Everyone knows a Kiwi who's upped sticks and gone to Oz, or a 20-something who went on their OE, landed a job and decided the grass was greener somewhere else.
It's such an entrenched phenomenon that a population expert is warning there's a gaping hole in New Zealand's workforce where all the 20-35-year-olds should be.
Natalie Jackson calls it the "apple core effect" – the hole left by those who've quit the country and aren't coming back.
She claims the situation is so bad that there could be little left to prop up the workforce as baby boomers start to retire.
Professor Jackson, who heads Waikato University's newly-formed Nidea, or National Institute of Demographic and Economic Analysis, says there is "virtually no understanding" of how New Zealand's age structure has changed, and what that means for the future.
Such comments have some in business bristling. The problem, say population experts, is that next year is regarded as the first in which the baby boomer generation begins to retire. Each year after that the number leaving the workforce will increase.
While that is going on there are problems at the other end of the age scale as a declining birth rate means the number of young people entering the workforce gets smaller each year. Jackson says it's a perfect storm that will continue to build, even if the boomers delay retirement.
Masking the effect is a "baby blip" of people born around 1991. They're now aged between 15-19, and the group is relatively large. "So most employers still think there is a bucket of young people coming along, and right at the moment they're correct."
But the more boomers who retire, the more competition employers will face for young people. That will push up labour costs and compromise skill levels – something businesses need to prepare for, Jackson says.
"The situation is more pronounced in some regions. Of course you can't ship someone from Auckland to Southland on a daily basis. The problem is that people remain focused on population size, positive migration and high birth rates, without an appreciation of the overall age composition. And they think in terms of the total population, without thinking about regional realities."
Between retiring baby boomers – who are expected to make up about 25% of the population by 2051 – and new workers is the "bite" in the apple core – those not being replaced by migration gains.
Jackson says people don't realise when they hear about migration increases that there will have been gains at some ages but losses at others. "In our case losses at young ages have been concealed by greater gains of people 35-plus."
The overall effect, she says, is complacency.
But business growth centre boss Andy Hamilton sees it differently. He wants young people to go offshore and doesn't mind a bit if they stay there.
The Icehouse centre he runs is a collaborative venture between Auckland University and several large businesses. Its website says it aims to take responsibility for delivering 350 of the 2000 companies needed to get New Zealand into the top half of the OECD by 2013.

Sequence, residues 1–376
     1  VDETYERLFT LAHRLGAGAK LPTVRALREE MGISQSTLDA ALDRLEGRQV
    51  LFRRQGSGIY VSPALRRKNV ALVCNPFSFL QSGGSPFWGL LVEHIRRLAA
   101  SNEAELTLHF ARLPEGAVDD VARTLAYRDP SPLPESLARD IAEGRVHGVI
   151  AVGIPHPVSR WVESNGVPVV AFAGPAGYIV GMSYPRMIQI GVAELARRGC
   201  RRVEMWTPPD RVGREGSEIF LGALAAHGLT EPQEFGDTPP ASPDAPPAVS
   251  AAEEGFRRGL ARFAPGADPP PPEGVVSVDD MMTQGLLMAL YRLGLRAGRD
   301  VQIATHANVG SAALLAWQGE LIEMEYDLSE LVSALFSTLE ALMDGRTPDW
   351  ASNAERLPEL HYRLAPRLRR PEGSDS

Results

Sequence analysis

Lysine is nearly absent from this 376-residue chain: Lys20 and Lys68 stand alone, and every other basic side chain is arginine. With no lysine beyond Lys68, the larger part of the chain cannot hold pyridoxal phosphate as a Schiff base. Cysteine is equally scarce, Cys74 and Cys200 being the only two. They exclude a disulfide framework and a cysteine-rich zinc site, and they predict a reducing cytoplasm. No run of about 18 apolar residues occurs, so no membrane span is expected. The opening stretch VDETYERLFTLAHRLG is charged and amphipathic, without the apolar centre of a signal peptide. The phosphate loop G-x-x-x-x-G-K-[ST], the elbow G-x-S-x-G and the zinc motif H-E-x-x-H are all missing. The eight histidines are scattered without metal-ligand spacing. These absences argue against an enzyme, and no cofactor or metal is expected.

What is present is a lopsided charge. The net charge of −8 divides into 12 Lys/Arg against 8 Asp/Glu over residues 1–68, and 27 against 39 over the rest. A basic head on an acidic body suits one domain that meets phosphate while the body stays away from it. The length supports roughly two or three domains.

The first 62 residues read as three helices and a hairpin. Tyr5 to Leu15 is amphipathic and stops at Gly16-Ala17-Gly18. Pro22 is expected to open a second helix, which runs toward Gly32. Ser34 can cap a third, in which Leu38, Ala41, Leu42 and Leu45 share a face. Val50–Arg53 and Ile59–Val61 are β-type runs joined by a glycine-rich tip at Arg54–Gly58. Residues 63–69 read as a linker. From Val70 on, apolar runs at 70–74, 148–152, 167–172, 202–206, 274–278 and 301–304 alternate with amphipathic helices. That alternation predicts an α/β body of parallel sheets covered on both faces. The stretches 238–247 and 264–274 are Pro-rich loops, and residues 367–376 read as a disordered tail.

"Our vision is to be the place for turning entrepreneurial companies into international successes."
Hamilton says that's about getting alongside businesspeople to help their talent pool increase and, in turn, the nation's prosperity.
"Our thinking is that we need more New Zealand companies building global success – and we need as many Kiwis offshore as we can get to help them."
It's a view that could be interpreted as supporting the Kiwi "brain drain", but Hamilton says he's seen a lot of Kiwis come home after creating a bit of wealth offshore who are not that useful.
"They're more useful to us if they remain away."
But he also says there are some incredible young entrepreneurs in New Zealand who are creating exciting reasons for people to stay.
He's adamant business owners are grappling with the issue of an ageing workforce, but admits it's a big issue. "They will adapt – they have to."
As the workforce ages, so too does the age of business owners, who are now facing the question of who will succeed them?
"It is incredibly challenging and emotional for business owners to deal with," says Hamilton. "Succession is not a transaction. But they'll adapt, even though some people want them to do it faster."
Transition is where the Employers and Manufacturers Association comes in. As a member-based organisation, it works to develop business.
Executive officer Mike Burgess says the association is conscious of the challenges and migration doesn't hold all the answers, because some countries with large population bases don't have workers with the skills older New Zealanders have acquired through necessity.
"Our problem is where the supply of labour is going to come from. Skills are extremely important and older workers have them."
Burgess is pinning his hopes on those nearing retirement age choosing to stay in the workforce. He cites increasing life expectancy and financial reward as two motivators.
The association is also working with schools to encourage school leavers to consider the kind of skills' training employers are looking for.
"Demand for staff is picking up again so it's a matter of keeping those young people in there with life-long training."
Professor Jackson agrees that unless businesses guarantee continuous training, workforce issues will only be exacerbated.
"Our ageing population changes everything we take for granted."
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